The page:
Facebook and LinkedIn Early in Monetization; Neither a Bargain

RJ is a member of The Motley Fool Blog Network -- entries represent the personal opinion of the blogger and are not formally edited.

During the past week, publicly traded social media giants Facebook (NASDAQ: FB) and LinkedIn (NYSE: LNKD) both reported strong first quarter results. Facebook’s revenue grew 38% year-over-year to $1.46 billion, exceeding consensus estimates, while earnings per share were flat at $0.12. LinkedIn’s revenue surged 72% year-over-year to $325 million driving earnings per share of $0.45—both figures were handily better than consensus expectations.

Cash flow at both companies revealed significantly different stories. LinkedIn generated roughly $59 million in free cash flow as the company’s research and development spending was kept in check. Facebook posted negative free cash flow of $12 million as the firm invested heavily in mobile, servers, and data centers. Both firms’ valuations are highly dependent on their respective long-term free cash flow generating abilities, but I believe free cash flow will continue to be relatively inconsequential to their price fluctuations for at least the next few years (as the market focuses more on growth potential). Facebook in particular stores so much data and will likely increase the amount of data it stores over the next few years, making internal capital investment even more critical to growth. Data will eventually drive long-term advertising revenue and could give Facebook a competitive advantage in the space.

As for LinkedIn, the firm has to invest for much of the same reasons why Facebook is investing—though we think product development will be much more critical to the company’s future. Though LinkedIn’s advertising revenue grew 56% year-over-year to $74.7 million, we at Valuentum simply do not think engagement and time spent on the social networking site will be strong enough to make LinkedIn an advertising Goliath. We think Talent Solutions, which increased 80% year-over-year to $184 million, will be LinkedIn’s gold mine. The firm has already changed the human resources landscape, and continued innovation in the space has given the firm terrific long-term growth potential.

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Mobile continues to change the fundamentals of the social media business--something Facebook clearly understands (Image Source: Facebook). Monthly active mobile users have more than doubled during the past year, and Facebook understands that the mobile advertising landscape differs greatly from the desktop market. Founder and CEO Mark Zuckerberg indicated that there isn’t a great app advertising platform, and Facebook could strive to provide that solution in the advertising marketplace. LinkedIn revamped its mobile app, but we doubt it will ever reach Facebook levels in terms of popularity.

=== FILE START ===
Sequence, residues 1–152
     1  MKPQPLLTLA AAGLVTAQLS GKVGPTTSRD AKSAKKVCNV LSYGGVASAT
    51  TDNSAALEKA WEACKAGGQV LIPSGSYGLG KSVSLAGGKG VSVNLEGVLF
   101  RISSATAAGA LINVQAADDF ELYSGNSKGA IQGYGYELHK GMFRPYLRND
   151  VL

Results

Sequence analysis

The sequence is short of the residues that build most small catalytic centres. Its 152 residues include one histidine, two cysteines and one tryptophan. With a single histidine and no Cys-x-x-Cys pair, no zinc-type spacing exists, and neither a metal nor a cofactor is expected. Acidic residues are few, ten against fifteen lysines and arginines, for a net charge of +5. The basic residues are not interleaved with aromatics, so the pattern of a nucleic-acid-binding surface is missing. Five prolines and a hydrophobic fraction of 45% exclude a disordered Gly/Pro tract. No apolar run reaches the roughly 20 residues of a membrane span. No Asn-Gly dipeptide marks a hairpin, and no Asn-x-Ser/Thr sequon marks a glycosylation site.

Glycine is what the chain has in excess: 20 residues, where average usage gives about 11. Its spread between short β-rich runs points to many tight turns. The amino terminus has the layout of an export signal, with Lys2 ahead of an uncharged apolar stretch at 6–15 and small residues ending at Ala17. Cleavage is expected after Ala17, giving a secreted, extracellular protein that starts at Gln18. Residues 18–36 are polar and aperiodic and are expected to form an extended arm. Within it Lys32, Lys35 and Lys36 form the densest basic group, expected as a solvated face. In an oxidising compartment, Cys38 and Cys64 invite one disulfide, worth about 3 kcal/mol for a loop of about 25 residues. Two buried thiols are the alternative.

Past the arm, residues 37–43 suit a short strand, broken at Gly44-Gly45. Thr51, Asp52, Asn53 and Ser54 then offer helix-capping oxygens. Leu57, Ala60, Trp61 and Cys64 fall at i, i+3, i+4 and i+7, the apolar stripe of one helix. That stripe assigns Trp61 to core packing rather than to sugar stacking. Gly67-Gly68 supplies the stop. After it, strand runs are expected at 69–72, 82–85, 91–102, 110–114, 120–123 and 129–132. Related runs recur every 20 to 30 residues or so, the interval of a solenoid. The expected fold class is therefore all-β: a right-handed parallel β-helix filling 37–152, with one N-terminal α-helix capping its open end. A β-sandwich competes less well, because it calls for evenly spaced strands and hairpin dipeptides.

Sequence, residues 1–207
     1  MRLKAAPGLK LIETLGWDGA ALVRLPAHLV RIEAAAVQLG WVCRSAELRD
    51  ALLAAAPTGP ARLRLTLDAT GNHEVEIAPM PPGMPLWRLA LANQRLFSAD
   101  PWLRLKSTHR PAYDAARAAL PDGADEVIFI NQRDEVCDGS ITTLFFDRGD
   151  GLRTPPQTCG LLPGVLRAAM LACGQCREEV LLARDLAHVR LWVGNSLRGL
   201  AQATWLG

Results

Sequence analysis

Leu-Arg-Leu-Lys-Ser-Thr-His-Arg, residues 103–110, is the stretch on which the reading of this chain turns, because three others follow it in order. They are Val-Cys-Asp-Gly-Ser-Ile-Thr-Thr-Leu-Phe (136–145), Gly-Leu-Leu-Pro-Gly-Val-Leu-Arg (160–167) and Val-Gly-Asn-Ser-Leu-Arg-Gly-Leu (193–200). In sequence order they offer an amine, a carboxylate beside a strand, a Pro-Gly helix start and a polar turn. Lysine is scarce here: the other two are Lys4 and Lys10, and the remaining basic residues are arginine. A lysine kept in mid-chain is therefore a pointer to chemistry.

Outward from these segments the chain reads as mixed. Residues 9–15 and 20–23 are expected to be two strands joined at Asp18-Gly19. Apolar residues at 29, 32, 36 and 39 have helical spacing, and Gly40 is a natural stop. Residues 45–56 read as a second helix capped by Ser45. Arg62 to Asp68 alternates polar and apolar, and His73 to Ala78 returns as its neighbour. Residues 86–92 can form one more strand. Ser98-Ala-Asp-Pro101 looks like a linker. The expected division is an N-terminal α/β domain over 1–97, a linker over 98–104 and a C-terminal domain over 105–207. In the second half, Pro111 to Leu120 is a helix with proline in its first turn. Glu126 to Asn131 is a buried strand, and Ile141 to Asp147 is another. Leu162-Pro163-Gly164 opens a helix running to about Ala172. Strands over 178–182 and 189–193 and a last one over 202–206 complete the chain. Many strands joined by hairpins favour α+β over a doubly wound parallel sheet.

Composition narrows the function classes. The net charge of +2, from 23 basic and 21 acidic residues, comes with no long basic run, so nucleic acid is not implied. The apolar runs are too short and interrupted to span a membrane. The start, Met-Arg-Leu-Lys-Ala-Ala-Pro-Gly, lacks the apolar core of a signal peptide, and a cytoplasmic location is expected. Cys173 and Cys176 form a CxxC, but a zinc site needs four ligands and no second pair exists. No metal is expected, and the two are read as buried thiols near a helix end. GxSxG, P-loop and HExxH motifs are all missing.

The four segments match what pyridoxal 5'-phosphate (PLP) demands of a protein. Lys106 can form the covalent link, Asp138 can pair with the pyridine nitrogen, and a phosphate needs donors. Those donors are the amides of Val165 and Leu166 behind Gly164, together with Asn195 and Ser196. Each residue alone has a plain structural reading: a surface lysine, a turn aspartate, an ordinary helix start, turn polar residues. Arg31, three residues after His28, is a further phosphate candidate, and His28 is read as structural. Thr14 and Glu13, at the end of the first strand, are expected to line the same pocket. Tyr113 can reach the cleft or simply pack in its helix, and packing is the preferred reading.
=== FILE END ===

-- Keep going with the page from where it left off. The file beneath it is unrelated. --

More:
Although both companies look to have strong futures, even if Facebook has lost some of its luster with younger users, I'm not interested in either stock at this time. Shares of LinkedIn trade at a huge premium to Valuentum's intrinsic value estimate, and I think any hiccup in the story (including the lighter than anticipated guidance given for 2013) could cause shares to plummet. Facebook, on the other hand, looks fairly valued, though I like its long-term prospects. Neither stock fits the criteria to establish a position in the portfolio of our Best Ideas Newsletter.

In the online space, my favorite name remains Google (NASDAQ: GOOG). Google has capitalized on strong advertising momentum, increased global Android market share, and potentially has a strong pipeline of products. Google Glasses and self-driving cars could both be game-changers. Importantly, however, the company currently has fantastic fundamentals, so the product pipeline is simply icing on the cake. Either product could translate into multi-billion dollar categories, but we like the possible business solutions of Google Glasses most. Large amounts of real-time data could be of great use in nearly every industry, including medical, mining, and logistics.

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Even without accounting for new products, we think Google can grow its revenue at a compounded rate of nearly 15% over the next 5 years, driving compounded annual free cash flow growth of 12%. We hold shares in the portfolio of our Best Ideas Newsletter.

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RJ Towner has no position in any stocks mentioned. Valuentum holds shares of Google in the portfolio of its Best Ideas Newsletter. The Motley Fool recommends Facebook, Google, and LinkedIn. The Motley Fool owns shares of Facebook, Google, and LinkedIn. Try any of our Foolish newsletter services free for 30 days. We Fools may not all hold the same opinions, but we all believe that considering a diverse range of insights makes us better investors. The Motley Fool has a disclosure policy. Is this post wrong? Click here. Think you can do better? Join us and write your own!

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